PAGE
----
Guide to Quality Management
25 March 2008
Dr Ruth Standring-Cox
Aims of this session
To provide a basic guide to the requirements
for quality management under Human Tissue
Authority Directions 001/2006 and 002/2007
To cover practical examples of how some of the
key elements of a quality system can be put in
The total features and characteristics of a product
or service that bear upon it’s ability to satisfy a
Quality can be defined as “fitness for purpose”.
So be clear as to the purpose.
Knowing what you want to do
How you want to do it
Describing how you do it and who is
responsible NOT how you would like to do it.
Implementing systems to document and
improve the way you do it
Learning from what you do
Coordinated activities to direct and control an organisation
with regard to Quality
System – organisational
procedures, processes and
resources for implementing
management reviews of the
Improve the effectiveness
of the system.
Setting, maintaining and updating quality
objectives, establishing a quality policy.
Conducting regular reviews of the quality
Ensuring adequate resources are available.
Communicating the organisational structure to
Making staff aware of the importance of
ensuring the quality system is effective and
Appointing a Quality Manager.
The Quality Manager
Shall report to the
management on the
efficacy of the quality
Shall ensure that audit
and quality review are
Ensure personnel are
complying to the quality
Quality Management System
Policies, SOPs, Guidelines
Training and Reference Manuals
Records (including donor records)
Information on the final destination of tissues and cells
High level information on the structure of the
establishment and the approach to quality.
Overview of the Quality Management System.
Types of information to include:
Organisation and responsibilities
An outline structure of the system
Listing or reference to the location of policies and procedures
training and development
Outline of the evidence of Quality held by the establishment -
meetings minutes, training records, risk assessments.
SOPs for all processes that affect the
quality and safety of tissues / cells
Document and record control
Records should include traceability of tissues /
cells and all products and materials that have
come into contact with them
Audit and quality reviews
Assessment of risks.
Knowing what you do – an example
SLA with Environmental
Freezer Theatre Patient
Back up Alarm
Documenting Procedures (e.g. SOPs)
Know what you do
Document how you do it
Verify the documented procedure reflects what
Risk assessment – could include identified risks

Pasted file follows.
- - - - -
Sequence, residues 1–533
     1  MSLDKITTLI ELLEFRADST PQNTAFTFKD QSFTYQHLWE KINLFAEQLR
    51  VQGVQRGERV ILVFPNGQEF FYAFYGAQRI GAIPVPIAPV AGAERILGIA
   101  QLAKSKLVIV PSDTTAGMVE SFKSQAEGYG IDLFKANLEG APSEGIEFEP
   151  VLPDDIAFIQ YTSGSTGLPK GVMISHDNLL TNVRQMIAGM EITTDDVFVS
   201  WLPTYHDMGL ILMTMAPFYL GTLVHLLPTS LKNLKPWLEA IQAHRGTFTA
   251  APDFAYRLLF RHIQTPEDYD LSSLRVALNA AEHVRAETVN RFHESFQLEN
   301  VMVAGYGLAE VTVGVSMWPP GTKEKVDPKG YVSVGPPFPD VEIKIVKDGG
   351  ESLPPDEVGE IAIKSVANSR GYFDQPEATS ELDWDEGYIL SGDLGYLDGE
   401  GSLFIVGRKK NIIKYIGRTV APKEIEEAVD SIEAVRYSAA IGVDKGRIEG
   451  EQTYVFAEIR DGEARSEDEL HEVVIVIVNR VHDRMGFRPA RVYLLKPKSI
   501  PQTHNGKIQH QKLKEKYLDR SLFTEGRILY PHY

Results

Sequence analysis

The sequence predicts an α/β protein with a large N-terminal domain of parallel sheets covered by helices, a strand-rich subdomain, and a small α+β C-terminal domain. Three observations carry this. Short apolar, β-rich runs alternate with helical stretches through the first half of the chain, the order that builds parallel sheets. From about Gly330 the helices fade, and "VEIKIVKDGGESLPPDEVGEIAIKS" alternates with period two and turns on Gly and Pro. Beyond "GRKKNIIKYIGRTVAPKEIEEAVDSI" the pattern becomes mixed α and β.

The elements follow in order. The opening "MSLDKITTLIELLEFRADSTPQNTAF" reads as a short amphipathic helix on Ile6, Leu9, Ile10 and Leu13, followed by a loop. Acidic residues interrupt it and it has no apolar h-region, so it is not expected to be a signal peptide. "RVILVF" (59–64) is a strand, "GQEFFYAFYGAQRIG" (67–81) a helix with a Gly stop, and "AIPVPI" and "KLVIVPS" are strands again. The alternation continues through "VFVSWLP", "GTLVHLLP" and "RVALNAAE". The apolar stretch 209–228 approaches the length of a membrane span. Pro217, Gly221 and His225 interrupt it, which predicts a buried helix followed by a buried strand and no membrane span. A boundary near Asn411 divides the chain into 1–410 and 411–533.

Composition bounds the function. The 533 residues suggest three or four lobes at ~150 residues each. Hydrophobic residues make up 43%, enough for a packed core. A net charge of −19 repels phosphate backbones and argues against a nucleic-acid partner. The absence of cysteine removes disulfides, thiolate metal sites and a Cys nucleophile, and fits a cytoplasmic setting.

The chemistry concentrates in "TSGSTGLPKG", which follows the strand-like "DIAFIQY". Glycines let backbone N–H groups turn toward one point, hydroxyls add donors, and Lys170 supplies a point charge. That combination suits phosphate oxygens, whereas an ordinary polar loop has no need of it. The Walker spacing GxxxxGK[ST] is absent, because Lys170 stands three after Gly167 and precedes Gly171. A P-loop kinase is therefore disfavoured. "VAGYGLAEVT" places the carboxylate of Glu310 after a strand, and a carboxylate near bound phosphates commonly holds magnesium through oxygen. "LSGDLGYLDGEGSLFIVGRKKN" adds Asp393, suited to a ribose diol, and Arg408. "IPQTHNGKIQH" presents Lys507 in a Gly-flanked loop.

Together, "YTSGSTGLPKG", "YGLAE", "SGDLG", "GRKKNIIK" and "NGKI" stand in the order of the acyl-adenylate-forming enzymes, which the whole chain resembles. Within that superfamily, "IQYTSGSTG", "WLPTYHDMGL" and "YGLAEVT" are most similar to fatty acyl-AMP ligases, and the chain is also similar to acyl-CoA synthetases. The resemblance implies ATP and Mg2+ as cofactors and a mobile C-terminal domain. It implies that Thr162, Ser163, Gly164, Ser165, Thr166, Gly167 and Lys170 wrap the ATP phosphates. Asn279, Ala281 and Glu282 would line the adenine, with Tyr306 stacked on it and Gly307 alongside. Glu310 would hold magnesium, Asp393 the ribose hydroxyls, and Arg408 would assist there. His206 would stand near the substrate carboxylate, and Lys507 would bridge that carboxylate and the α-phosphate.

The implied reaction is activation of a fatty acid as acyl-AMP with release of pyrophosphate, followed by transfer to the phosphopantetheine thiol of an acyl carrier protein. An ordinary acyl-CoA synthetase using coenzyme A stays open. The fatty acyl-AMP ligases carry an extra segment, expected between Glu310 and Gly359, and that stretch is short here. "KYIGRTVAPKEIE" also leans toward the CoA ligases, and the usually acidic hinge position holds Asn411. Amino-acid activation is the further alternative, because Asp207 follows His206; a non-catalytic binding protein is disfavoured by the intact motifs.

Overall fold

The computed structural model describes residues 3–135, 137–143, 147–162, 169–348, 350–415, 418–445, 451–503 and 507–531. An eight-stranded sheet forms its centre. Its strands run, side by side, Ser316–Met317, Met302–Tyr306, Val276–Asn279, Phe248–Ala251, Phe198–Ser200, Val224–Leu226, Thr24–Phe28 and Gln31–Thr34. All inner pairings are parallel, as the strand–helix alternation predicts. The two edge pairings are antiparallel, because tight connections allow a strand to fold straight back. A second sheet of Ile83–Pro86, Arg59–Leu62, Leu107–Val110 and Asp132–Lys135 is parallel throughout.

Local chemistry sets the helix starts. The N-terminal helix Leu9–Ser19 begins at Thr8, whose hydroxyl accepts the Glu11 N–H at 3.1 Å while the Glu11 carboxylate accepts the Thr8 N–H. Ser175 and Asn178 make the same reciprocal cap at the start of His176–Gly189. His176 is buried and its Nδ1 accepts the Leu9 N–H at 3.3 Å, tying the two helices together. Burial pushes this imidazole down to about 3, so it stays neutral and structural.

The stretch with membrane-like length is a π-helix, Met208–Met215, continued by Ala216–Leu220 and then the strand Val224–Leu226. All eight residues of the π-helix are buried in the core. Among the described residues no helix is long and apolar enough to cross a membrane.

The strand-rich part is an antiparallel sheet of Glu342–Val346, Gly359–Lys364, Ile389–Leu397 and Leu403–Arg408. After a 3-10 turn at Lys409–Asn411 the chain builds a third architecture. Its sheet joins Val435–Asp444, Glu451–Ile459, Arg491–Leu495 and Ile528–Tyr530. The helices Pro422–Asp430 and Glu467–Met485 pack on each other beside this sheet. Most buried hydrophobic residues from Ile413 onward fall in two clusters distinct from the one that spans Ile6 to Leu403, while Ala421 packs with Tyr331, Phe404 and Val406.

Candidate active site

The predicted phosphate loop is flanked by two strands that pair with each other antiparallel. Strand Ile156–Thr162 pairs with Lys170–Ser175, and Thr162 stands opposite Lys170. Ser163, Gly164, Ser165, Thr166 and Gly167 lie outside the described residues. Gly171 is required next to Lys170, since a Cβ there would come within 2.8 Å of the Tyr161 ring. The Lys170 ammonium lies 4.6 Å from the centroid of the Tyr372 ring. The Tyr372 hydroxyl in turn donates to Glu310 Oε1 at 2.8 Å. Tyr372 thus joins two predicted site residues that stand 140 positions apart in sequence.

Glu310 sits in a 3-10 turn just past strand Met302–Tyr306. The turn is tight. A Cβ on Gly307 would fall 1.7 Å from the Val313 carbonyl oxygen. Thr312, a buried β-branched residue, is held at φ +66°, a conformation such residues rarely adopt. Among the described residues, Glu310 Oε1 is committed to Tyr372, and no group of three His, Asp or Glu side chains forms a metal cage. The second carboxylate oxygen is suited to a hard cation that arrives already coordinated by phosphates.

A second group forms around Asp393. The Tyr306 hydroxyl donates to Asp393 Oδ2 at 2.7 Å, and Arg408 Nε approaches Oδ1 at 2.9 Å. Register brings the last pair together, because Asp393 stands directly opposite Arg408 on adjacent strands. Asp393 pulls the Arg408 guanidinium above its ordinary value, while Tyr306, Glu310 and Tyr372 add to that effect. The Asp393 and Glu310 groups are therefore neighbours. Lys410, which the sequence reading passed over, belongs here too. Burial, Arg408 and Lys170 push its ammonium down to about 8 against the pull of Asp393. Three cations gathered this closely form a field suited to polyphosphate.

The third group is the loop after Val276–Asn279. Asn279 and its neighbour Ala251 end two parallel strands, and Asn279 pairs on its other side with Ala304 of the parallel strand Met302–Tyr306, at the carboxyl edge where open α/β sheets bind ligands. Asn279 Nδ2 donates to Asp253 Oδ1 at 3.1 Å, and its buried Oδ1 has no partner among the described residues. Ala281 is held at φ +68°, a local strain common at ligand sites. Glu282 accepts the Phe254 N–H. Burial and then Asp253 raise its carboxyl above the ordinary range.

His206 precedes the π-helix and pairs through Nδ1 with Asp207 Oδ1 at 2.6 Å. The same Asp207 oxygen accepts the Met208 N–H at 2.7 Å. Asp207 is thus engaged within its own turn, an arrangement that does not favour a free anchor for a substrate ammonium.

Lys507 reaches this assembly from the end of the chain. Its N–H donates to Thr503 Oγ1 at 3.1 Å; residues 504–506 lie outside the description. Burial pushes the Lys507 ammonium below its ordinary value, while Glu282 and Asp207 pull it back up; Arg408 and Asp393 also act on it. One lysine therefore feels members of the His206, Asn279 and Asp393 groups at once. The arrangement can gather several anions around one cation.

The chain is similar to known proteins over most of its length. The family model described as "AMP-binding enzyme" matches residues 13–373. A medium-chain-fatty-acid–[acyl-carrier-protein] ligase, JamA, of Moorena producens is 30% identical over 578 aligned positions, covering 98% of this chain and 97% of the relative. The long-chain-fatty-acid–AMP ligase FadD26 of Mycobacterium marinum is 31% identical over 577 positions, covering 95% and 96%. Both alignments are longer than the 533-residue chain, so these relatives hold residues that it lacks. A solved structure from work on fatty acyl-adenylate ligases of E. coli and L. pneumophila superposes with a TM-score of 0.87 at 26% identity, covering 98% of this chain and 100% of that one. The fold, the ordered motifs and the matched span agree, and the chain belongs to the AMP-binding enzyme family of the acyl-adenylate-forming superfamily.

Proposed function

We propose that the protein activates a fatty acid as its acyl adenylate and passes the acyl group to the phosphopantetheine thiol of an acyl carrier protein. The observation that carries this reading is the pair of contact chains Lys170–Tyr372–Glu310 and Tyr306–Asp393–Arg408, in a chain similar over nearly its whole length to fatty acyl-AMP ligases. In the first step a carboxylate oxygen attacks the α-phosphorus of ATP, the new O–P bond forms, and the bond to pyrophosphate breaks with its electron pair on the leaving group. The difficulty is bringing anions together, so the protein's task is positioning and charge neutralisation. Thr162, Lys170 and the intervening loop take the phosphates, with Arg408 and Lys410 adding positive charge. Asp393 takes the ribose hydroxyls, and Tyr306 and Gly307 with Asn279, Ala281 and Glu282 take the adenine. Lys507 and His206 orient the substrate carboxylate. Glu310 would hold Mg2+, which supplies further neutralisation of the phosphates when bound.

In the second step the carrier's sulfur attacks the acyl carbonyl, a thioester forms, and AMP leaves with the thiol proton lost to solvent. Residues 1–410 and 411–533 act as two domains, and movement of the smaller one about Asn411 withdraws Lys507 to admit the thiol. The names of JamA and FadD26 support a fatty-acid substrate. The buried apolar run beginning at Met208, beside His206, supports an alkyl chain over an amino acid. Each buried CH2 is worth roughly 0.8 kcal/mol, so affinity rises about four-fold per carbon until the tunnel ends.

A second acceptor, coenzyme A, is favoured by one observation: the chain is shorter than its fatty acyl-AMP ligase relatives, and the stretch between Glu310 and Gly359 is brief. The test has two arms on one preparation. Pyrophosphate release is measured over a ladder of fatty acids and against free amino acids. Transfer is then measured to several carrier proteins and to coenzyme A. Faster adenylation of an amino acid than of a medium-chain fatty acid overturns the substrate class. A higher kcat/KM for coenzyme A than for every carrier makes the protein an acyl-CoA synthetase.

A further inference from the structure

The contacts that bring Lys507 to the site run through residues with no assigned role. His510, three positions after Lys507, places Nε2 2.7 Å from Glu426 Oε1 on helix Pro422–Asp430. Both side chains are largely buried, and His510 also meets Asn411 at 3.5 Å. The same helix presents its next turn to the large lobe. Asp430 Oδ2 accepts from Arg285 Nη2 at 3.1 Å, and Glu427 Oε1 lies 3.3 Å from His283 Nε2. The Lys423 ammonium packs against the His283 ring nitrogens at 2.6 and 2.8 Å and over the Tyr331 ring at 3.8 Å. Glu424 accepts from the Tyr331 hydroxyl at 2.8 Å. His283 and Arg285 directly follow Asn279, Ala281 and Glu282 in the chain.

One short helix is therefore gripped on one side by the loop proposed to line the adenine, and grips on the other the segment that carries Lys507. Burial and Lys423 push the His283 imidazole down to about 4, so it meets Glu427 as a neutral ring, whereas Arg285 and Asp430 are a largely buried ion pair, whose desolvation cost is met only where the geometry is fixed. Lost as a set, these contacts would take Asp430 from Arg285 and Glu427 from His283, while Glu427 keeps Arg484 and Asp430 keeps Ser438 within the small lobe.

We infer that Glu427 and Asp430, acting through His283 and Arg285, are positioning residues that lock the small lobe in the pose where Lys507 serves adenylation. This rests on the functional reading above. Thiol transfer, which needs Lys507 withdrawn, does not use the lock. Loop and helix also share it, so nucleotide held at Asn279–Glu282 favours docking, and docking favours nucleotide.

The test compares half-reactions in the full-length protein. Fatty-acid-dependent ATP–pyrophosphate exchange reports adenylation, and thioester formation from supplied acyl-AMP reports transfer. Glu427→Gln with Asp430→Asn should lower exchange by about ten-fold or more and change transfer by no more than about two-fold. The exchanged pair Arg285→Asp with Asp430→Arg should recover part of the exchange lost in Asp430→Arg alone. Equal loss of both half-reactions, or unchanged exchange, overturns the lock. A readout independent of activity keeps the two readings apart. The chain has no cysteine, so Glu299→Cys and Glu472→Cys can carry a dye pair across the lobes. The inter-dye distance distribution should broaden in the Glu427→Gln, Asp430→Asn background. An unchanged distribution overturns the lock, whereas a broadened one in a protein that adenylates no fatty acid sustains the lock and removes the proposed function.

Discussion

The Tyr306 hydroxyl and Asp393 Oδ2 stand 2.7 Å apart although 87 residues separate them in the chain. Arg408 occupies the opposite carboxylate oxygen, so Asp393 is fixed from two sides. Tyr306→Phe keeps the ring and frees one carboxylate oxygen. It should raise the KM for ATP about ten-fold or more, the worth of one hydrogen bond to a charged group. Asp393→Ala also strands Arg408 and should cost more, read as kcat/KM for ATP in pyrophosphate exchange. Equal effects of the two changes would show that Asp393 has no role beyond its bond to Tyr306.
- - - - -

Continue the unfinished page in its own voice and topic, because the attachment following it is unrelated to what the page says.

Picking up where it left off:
Check that the documented procedure meets
Approval and issue.
Risk assessment – an example
Risk - loss of samples Donor Risk – cross contamination
• Lockable fridge Procurement of tissue • Segregation of each donor
• Clear procedures for all tasks
Tissue in sterile pots
Risk – using the wrong
Risk – using beyond
• Unique reference Patient • Do not use after date labels
• All samples from same
• Procedure for disposal
donor kept together
• Written receipt, testing and
Control, review and update
Documented system for controlling distribution
and managing versions.
SOP review dates must be specified and
reviews carried out by designated owners.
Audits help identify inconsistencies and may
lead to updates.
When the process changes re-assess the risks
and update the SOP to reflect the new
SOPs, Document and Record Control
Procedure for control of records
Records need to be
traceable and maintained for:
30 years post transplant
10 years for raw data
Document control system
this could be:
spreadsheet + controlled
Audit and Quality Reviews
Establish an annual audit plan for the quality
Decisions and corrective and preventive actions
documented and implemented
Review the performance of the quality system
to ensure continual improvement
Quality review includes serious adverse events
and reactions – system for identification,
investigation, control, recording and notification.
Audit of records
Can you easily trace a batch of tissues from
receipt to patient records?
Traceability – what has gone wrong?
bone batch C
A and B
Record receipt of Use batches A, B
batches A and B Transfer batches
and C in
in freezer log A and B to
book hospital theatre
Record transfer of Log use of
Store batches A Log use of
batches A and B to batches A, B and
and B in hospital batches A and C
hospital theatre in C in theatre
dedicated freezer freezer log book
in patient records
Records should include data necessary to
ensure that tissues / cells (which are procured,
processed, stored and / or distributed) can be
traced back to the recipient and vice versa.
Traceability applies to all products and
materials that come in contact with tissue/cells.
Adverse event, reaction or deviation from quality and
Should be carried out on critical processes
to ensure they are reproducible.
In particular quality critical processes such
storage (how long can you actually store tissue in
Should be documented.
Includes databases storing data.
Staff and Training
Staff are appropriately qualified and received
Training programme for staff in place and
Appropriate staff receive training in quality
Continuing professional development
Training records in place.
Quality Management System
Organisational structure and
Procedures and processes
Document and record control
Resources for implementing
Audit – traceability
Regular management reviews